Closest Type Ia supernova in decades solves a cosmic mystery
Published: Wednesday, December 14, 2011 – 15:33 in Astronomy & Space
Type Ia supernovae (SN Ia’s) are the extraordinarily bright and remarkably similar “standard candles” astronomers use to measure cosmic growth, a technique that in 1998 led to the discovery of dark energy — and 13 years later to a Nobel Prize, “for the discovery of the accelerating expansion of the universe.” The light from thousands of SN Ia’s has been studied, but until now their physics — how they detonate and what the star systems that produce them actually look like before they explode — has been educated guesswork……On August 24 of last year, searching data as it poured into DOE’s National Energy Research Scientific Computing Center (NERSC) from an automated telescope on Palomar Mountain in California, Nugent spotted a remarkable object. It was shortly confirmed as a Type Ia supernova in the Pinwheel Galaxy, some 21 million light-years distant. That’s unusually close by cosmic standards, and the nearest SN Ia since 1986; it was subsequently given the official name SN 2011fe.
For the full story go to – Cosmic Mystery
Some nearby young stars may be much older than previously thought
Published: Wednesday, December 21, 2011 – 15:37 in Astronomy & Space
Low in the south in the summer sky shines the constellation Scorpius and the bright, red supergiant star Antares. Many of the brightest stars in Scorpius, and hundreds of its fainter stars, are among the youngest stars found near Earth, and a new analysis of them may result in a rethinking of both their ages and the ages of other groups of stars. New research by astrophysicists from the University of Rochester focused on stars in the north part of the constellation, known as Upper Scorpius, which is a part of the Scorpius-Centaurus OB association, one of our best studied groups of young stars and a benchmark sample for investigating the early lives of stars and the evolution of their planet-spawning disks. The Upper Scorpius stellar group lies roughly 470 light years from Earth.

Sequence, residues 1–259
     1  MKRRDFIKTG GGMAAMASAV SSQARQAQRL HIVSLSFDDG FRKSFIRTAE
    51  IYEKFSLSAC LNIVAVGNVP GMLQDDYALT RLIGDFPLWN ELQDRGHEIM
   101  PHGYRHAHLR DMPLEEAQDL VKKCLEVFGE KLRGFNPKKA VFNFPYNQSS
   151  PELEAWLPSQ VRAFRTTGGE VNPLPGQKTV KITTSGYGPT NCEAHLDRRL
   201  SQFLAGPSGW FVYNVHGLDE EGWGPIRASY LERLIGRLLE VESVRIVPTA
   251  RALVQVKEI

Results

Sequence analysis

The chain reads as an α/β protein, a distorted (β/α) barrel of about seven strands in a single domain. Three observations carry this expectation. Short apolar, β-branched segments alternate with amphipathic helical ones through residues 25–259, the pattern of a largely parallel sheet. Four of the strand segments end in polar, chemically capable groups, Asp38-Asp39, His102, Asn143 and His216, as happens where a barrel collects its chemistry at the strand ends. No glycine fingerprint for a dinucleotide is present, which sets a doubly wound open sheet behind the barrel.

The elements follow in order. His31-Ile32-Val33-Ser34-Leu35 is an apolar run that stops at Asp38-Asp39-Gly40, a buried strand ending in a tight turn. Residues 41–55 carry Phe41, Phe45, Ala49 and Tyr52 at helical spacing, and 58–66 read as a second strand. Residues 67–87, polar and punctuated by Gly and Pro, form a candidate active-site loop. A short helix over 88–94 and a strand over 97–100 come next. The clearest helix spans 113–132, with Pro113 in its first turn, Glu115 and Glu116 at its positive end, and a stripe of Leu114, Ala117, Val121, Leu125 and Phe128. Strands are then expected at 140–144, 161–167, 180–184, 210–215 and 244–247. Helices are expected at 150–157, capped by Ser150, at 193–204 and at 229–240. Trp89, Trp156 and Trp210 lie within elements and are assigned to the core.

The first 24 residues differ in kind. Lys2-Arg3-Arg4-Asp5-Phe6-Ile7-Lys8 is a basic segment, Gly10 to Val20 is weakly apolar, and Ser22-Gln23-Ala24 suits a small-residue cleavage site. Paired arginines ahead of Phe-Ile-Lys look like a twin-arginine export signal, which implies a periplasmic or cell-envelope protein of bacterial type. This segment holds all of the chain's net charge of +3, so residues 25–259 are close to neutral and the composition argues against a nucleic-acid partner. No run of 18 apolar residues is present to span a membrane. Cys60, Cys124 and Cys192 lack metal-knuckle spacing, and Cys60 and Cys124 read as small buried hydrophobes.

While those stars have been thought to be just five million years old, the team concludes that those stars are actually more than twice as old, at 11 million years of age. The findings are surprising given Upper Scorpius’s status as one of the best-studied samples of young stars in the sky.
For the full story go to – Stars may be much older than previously thought
Scientists discover a Saturn-like ring system eclipsing a sun-like star
Published: Wednesday, January 11, 2012 – 14:35 in Astronomy & Space
A team of astrophysicists from the University of Rochester and Europe has discovered a ring system in the constellation Centaurus that invites comparisons to Saturn. The scientists, led by Assistant Professor of Physics and Astronomy Eric Mamajek of Rochester and the Cerro Tololo Inter-American Observatory, used data from the international SuperWASP (Wide Angle Search for Planets) and All Sky Automated Survey (ASAS) project to study the light curves of young Sun-like stars in the Scorpius-Centaurus association — the nearest region of recent massive star formation to the Sun.
The basic concept of the research is straightforward. Imagine yourself sitting in a park on a sunny afternoon and a softball passes between you and the sun. The intensity of light from the sun would appear to weaken for just a moment. Then a bird then flies by, causing the intensity of the sunlight to again weaken — more or less than it did for the baseball, depending on the size of the bird and how long it took to pass. That’s the principle that allowed the researchers to discover a cosmic ring system.
The complete article may be found at A saturn ring system eclipsing a sun star